Father & Baby Bonding – In Sweden, fathers bonding with their little ones is highly encouraged. Paternity leave is offered to dads! Two months of 13 months paid time off for parents must go to dads!
Sucking Thumb – In the Philippines, you never see a baby sucking its thumb. The worry is that buck teeth will result, in addition to hygiene concerns. Little mittens are put on babies much of the time, but if thumb makes it to mouth any other time, parents pull it out. I got lots of questions and surprised looks from his family when we let our daughter suck her thumb as a baby, but for many American families, a baby “finding” its thumb is a positive thing, meaning the baby is learning to self-soothe. (via Julie from Open Wide World)
Daily Outdoor Play – In Russia, parents encourage their children to play outside in the common area daily. Groups of children gather often in unstructured activities: playing soccer, biking, and running for fresh air and exercise. (via Amanda from The Educator’s Spin On It)
Cooking – In Mexico, it’s important to “cook what your husband likes, not what your kids want. They will learn to like it.” (via Sonia from Texas)
Public Transportation – In Brazil and most countries outside of the US, public transportation is a part of life. No wonder we don’t have personal space issues! As Theresa puts it: “Most of us are also raised ‘among the crowds,’ meaning we take bus, subway or even train to get to places together with the masses.” (via Theresa from A Path of Light)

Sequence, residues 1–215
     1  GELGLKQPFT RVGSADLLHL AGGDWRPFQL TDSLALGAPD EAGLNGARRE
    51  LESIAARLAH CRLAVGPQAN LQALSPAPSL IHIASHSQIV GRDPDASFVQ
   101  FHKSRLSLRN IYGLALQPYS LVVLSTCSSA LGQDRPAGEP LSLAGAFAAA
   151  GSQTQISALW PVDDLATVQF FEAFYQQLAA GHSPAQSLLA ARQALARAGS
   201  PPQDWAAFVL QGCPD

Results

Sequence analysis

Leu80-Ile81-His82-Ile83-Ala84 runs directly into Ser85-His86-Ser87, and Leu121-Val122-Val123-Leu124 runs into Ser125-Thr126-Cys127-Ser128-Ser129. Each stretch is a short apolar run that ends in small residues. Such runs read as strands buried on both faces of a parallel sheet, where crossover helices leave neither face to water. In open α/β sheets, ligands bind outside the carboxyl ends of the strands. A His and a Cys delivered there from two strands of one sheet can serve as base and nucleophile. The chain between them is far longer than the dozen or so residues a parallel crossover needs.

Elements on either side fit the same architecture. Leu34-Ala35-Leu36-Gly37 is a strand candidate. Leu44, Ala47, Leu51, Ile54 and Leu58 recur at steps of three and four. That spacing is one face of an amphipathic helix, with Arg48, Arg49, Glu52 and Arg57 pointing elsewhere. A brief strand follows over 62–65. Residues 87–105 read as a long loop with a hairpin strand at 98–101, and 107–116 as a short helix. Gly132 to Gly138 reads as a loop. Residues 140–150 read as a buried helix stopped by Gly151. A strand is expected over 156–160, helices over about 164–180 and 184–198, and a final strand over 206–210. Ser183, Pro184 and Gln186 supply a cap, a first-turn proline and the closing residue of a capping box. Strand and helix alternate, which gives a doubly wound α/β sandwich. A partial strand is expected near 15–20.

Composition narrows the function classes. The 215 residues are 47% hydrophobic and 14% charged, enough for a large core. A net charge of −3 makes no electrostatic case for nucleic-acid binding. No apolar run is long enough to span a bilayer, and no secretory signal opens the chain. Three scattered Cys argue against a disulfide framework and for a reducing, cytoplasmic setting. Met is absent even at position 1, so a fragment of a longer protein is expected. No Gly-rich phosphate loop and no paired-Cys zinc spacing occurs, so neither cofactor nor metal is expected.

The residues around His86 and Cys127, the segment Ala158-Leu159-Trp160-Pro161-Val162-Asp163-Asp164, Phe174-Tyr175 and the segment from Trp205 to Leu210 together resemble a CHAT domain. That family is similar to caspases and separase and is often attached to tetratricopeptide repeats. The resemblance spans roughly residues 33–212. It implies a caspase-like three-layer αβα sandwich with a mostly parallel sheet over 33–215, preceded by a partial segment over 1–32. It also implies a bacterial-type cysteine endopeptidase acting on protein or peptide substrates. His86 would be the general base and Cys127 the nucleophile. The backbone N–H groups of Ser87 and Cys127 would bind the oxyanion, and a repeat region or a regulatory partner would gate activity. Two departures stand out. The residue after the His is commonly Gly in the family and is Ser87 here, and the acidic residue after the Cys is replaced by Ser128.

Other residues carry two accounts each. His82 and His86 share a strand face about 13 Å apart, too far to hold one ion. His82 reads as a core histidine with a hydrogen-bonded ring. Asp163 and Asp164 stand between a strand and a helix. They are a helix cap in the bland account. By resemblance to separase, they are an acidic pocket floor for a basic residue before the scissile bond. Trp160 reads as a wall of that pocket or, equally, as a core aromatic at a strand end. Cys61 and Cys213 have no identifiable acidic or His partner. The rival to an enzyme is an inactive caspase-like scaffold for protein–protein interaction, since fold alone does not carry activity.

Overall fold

Children are the joy and center of life – The Dutch and many Latin Americans are child-loving people. “The Dutch are very patient with their children, and never seem to yell at them. I wish I was just as patient as them! The Dutch enjoy being around children and always smile when they see me passing by with my children.” (via Olga from The European Mama)
There’s no such thing as too much cuddling – Italy: “I’m a real ‘mamma chioccia,’ a very mothering kind of mum. I know that some might consider my parenting style too close I like to hug and to cuddle my kids but to be honest, I don’t care. I need to let them know that I love them. And I want them to not feel uncomfortable to show their feelings this is something that some of my friends who grew up in cultures where physical intimacy is not common, don’t understand. But that’s fine. It’s how I am and the way I’m raising my children.” (via Ute from Expat Since Birth)
Sibling Bonding – To watch children from Mexico and Latin America love and care for their siblings is a beautiful thing. Obviously, they have their sibling spats like any other brother and sister, but to watch them care for each other is really sweet. And this not just low-income families who are used to having to watch for their siblings. I have observed this in children of all socio-economic status. (via Mari from Inspired by Familia)
Boundaries – In the United States, parents set boundaries early and remind children of them frequently. By establishing rules, children know what is expected of them and everyone can enjoy their time together. (via Michelle from Missouri)